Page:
I have worked with many Jews-by-Choice during my career in the rabbinate, far too many to actually be able to casually come up with a number. Most of my rabbinical work involves rites, rituals and teaching that I’ve done many times before. Conversion is no exception. But while I occasionally will reflect on the challenge of “staying fresh” for bar/bat mitzvahs, weddings and funerals, I never find myself challenged in that way when it comes to someone who is adopting Judaism by choice.
Like many others, I’m sure, I awoke Sunday morning to the terrible news of the death of Rabbi Jacob Rubenstein and his wife Deborah, z”l, in a tragic house fire in Scarsdale. I am horrified by the random and senseless nature of their death, and the loss that it represents for the congregants of his synagogue and for the Jewish community.
But in addition to the communal tragedy, I am deeply saddened by the loss of a man whom I met long ago under very unusual circumstances, and whom I was proud to call a friend and a colleague.
With Pesach in our communal rear view mirror, there is precious little room for us to kick back and relax. Yom Hashoah - Holocaust Memorial Day- is already upon us, and the 60th anniversary of the founding of the State of Israel is to be celebrated next week. It is an incredibly dense stretch of the Jewish calendar, taking us on an emotional roller coaster ride from the high of Passover redemption to the low of the Shoah, and back again to the exhilaration of the miracle of Israel’s birth.
Though so many people go away for Pesach these days, we congregational rabbis tend to stay at home, for the most obvious reason. Leaving for a holiday is not really in the job description of a pulpit rabbi, unless you have lots of clergy on staff to cover you. So, with more that a little wistfulness, my wife and I watched a few weeks ago as many of our friends left for here and there- little cleaning, no shopping!!!- and we went about welcoming our children home and hosting both seders, as we have for many years, each for somewhere near twenty-five people.
As I write this blog, President Bush is making his way to Jerusalem (where I am), to participate in Israeli President Shimon Peres’ “Conference on Tomorrow.” The conference itself is quite amazing. Just this afternoon, Tony Blair chaired a session on visions of the future with Mikhail Gorbachev and some nineteen other heads of state in attendance (all in celebration of Israel’s 60th!). It was heady stuff! And tomorrow, out of the blue of the western sky (let’s see who gets that reference!), comes our own President to join the festivities.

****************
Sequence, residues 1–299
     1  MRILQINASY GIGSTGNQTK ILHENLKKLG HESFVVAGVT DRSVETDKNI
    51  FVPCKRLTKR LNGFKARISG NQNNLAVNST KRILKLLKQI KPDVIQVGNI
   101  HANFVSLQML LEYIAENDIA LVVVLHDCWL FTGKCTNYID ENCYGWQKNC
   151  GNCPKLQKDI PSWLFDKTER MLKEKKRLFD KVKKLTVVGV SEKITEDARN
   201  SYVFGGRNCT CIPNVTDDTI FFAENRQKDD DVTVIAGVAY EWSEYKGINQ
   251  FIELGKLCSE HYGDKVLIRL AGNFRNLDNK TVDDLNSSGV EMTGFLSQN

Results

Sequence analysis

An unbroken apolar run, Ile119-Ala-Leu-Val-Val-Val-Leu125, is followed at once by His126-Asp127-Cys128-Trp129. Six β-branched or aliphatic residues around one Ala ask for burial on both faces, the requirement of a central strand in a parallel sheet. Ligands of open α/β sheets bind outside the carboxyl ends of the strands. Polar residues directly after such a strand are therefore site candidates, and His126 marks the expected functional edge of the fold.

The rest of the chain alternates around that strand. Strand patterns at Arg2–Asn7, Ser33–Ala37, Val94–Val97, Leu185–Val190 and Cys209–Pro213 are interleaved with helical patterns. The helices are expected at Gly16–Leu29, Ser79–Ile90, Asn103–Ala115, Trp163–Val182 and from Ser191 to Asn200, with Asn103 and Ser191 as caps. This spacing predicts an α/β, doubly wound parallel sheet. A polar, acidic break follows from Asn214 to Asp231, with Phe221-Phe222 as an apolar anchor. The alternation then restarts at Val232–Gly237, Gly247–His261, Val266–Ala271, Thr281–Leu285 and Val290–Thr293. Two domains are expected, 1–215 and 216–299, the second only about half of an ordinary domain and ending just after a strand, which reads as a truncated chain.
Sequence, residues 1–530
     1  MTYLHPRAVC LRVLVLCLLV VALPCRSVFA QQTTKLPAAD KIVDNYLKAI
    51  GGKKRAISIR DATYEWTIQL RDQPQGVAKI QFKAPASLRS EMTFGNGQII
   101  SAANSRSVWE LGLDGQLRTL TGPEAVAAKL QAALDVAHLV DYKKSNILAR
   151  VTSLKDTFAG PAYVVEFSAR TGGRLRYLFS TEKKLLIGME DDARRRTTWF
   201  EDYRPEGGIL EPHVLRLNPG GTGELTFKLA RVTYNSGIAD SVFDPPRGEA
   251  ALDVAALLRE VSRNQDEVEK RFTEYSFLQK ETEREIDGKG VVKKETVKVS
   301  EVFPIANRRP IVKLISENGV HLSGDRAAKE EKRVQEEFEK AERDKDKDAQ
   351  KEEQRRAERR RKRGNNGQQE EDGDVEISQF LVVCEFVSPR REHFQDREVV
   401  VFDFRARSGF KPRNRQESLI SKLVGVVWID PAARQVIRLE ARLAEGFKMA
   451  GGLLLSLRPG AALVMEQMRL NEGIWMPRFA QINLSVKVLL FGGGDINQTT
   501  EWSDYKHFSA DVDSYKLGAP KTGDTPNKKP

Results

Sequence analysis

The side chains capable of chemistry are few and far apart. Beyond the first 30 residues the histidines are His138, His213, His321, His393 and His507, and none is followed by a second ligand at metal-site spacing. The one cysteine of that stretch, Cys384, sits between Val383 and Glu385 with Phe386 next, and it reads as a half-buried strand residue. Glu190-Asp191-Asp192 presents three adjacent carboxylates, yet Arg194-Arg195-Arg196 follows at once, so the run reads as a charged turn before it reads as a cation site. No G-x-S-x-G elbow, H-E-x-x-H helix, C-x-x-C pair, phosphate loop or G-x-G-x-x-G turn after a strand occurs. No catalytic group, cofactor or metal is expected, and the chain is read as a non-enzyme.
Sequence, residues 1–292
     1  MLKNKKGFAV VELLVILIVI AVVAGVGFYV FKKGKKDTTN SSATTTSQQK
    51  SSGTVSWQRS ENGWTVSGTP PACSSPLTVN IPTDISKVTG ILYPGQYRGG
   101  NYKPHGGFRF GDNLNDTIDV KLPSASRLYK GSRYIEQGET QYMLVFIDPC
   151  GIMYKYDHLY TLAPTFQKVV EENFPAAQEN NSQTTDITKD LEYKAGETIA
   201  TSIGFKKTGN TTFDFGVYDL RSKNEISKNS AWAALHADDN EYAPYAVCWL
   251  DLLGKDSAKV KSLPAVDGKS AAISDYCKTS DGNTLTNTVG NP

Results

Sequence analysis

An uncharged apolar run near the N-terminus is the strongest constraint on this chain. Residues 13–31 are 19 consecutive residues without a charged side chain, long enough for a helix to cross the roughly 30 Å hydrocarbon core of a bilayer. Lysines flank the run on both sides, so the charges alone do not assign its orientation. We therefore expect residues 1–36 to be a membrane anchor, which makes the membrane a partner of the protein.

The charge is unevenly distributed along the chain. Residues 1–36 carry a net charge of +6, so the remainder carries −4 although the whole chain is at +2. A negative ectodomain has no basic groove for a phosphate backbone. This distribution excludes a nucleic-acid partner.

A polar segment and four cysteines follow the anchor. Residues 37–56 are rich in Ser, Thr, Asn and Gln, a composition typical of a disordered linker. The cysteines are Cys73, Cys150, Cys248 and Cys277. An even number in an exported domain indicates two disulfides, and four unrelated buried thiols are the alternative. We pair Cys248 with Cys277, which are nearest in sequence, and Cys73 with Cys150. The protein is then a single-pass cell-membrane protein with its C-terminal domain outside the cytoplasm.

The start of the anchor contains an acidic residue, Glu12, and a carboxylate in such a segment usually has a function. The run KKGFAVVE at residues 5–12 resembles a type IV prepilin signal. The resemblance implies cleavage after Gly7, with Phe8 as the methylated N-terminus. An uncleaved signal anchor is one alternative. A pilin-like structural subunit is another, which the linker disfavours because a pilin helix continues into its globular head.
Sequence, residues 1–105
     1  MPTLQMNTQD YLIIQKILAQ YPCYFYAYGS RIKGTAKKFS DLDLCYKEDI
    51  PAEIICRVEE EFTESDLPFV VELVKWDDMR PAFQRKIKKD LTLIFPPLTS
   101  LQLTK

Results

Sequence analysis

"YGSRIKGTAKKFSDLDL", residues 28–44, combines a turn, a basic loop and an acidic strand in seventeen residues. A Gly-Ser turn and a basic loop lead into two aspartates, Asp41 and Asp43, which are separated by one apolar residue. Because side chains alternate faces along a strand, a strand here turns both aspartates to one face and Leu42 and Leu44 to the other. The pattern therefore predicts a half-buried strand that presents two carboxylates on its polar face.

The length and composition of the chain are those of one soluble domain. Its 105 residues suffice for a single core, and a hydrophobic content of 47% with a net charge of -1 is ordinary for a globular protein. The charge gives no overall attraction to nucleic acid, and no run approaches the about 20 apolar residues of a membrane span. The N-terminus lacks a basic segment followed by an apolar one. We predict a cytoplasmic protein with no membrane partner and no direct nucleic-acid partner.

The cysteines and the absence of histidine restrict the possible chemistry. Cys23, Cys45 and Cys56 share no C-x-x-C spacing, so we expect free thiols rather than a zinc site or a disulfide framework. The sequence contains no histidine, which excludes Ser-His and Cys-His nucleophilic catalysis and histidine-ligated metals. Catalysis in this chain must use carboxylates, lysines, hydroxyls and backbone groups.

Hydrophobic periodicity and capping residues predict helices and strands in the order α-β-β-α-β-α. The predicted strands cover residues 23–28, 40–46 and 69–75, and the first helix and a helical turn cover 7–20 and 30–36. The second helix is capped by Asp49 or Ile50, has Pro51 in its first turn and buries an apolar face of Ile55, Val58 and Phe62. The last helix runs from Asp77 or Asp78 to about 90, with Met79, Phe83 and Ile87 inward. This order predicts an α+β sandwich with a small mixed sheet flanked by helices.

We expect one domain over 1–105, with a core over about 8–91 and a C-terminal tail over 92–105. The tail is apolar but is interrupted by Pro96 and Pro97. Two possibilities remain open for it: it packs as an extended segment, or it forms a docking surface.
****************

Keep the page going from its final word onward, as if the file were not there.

You may say I’m a dreamer, but I’m not the only one. I hope some day you’ll join us, and the world will be as one.
I’ve spent the past three days wondering what would happen if I could have put (the late) John Lennon and Israeli President Shimon Peres in the same room. Like the recurring leitmotif in so many Hassidic folktales, I think it’s possible that the messiah would have come. Two dreamers, trying to leapfrog over the messiness of this world to see what might lie beyond…
Now that the love-fest is over and President Bush has “left the building,” so to speak, Israelis are left to ponder life after him. The conference on tomorrow organized by Shimon Peres afforded the Israeli government the chance to say thank you to the man who has been, in his gut, arguably the most sympathetically inclined towards Israel’s precarious security position of any American president in recent memory.
As I write, my married son and his wife are in Israel for the year, my older daughter is living in Manhattan, my younger daughter is in Poland with her senior class and about to depart for Israel for a year, and one son remains at home.
The recent federal raid at the Agriprocessors kosher meat plant in Postville, Iowa, and the accompanying allegations brought against the Rubashkin family and brand, represent a particularly sorry and damaging episode in the cause of religious Judaism in this country.